“Hi, Karen. I've read that wine that is shipped should "rest" for a month to settle down, even if it is ready to drink. My limited experimentation with California Pinot Noir suggests that wine is indeed better when rested, but after two months. Am I imagining things, or is there truth to this rule of thumb?” –Victor N. (San Francisco, CA)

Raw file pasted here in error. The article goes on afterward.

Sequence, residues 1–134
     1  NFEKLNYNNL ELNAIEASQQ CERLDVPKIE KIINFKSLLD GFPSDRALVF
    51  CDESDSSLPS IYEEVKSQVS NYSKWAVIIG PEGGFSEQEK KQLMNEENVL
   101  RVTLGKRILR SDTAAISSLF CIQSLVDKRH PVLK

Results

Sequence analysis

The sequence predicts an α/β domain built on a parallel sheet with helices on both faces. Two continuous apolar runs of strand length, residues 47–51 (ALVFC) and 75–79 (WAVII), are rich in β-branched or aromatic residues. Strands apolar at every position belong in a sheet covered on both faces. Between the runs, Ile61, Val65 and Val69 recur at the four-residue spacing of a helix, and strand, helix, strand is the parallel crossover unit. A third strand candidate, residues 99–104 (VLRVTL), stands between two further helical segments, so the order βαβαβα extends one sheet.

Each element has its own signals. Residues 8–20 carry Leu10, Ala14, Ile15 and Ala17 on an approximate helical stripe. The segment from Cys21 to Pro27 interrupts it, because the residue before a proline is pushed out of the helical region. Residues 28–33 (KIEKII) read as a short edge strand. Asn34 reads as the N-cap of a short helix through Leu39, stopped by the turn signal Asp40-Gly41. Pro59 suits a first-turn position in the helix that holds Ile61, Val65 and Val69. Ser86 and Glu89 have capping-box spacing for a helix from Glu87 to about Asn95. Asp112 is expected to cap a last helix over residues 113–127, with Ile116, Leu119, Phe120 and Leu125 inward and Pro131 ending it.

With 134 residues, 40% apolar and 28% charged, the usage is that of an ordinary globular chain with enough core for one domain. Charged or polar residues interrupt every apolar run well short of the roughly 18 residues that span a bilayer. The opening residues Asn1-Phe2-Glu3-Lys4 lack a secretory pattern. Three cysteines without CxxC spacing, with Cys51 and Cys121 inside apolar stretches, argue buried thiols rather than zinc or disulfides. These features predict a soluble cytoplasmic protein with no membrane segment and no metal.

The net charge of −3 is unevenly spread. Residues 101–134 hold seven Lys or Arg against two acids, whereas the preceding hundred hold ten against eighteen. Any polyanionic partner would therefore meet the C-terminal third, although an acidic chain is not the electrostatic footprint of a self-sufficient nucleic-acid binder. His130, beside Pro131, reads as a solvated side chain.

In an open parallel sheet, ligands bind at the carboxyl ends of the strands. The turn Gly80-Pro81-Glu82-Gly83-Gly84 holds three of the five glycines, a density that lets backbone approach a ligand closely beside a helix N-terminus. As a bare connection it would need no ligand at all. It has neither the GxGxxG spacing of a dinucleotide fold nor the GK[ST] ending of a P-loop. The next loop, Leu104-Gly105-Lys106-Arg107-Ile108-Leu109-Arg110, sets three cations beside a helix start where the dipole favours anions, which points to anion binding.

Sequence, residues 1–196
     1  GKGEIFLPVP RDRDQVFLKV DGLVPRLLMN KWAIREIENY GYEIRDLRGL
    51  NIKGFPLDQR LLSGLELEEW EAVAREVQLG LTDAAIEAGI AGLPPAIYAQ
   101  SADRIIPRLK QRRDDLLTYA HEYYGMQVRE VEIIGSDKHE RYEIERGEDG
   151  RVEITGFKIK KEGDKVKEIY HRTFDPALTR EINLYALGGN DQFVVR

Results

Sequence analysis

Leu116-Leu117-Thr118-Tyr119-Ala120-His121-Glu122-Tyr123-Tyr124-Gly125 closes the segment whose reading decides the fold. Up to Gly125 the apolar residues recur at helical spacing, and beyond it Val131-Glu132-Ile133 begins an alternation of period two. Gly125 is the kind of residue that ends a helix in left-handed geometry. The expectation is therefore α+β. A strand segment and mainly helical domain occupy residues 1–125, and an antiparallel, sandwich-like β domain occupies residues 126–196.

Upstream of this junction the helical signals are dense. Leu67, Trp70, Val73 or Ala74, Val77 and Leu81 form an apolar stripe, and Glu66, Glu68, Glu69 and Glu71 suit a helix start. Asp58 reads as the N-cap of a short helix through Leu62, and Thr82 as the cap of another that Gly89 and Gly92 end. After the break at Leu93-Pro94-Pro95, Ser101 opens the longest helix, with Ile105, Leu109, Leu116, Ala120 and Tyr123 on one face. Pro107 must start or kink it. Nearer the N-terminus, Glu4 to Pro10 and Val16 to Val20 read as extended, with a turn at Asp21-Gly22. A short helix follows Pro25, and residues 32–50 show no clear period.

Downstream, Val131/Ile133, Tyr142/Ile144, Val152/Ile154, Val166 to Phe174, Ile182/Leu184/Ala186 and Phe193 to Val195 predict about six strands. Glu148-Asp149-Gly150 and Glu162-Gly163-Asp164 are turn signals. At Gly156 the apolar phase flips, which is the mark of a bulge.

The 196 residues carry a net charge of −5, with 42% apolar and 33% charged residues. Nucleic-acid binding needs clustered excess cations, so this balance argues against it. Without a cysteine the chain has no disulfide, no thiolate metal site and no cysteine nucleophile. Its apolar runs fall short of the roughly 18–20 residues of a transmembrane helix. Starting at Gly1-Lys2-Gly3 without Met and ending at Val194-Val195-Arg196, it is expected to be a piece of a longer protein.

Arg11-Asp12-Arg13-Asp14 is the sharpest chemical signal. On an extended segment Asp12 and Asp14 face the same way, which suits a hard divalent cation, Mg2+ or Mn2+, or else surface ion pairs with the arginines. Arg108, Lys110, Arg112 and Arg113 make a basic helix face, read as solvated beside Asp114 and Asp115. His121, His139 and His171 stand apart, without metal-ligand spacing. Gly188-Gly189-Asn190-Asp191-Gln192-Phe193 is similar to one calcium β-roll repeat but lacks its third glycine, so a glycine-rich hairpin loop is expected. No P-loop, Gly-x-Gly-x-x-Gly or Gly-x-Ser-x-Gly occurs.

Hi Victor:  Great question. Especially since, these days, we’re all inclined to grab a corkscrew the minute wine arrives on our doorsteps. The helpfulness of “resting” depends on two things. 1) Was the wine just recently bottled? After being bottled, wines often go into a kind of “dumb stage” where they taste very muted. A wine that’s just been shipped only adds to the chances that the wine’s flavors are shut down. Most wineries post a “bottled on” date on the tech sheet for the wine and you can find that on the winery’s website. 2) What type of wine is it? You mention pinot noir, and pinot is known to be temperamental. Of all wines, I’d worry about pinot noir, sangiovese, nebbiolo and grenache the most. I don’t have any scientific evidence to support this by the way. Just experience. Lastly, just how long should you let a wine rest if you think it will benefit from resting? Two months (as you mention) is too much delayed gratification for me. I’ve heard many winemakers mention two weeks. That seems like a safe bet. Happy tasting!  –Karen

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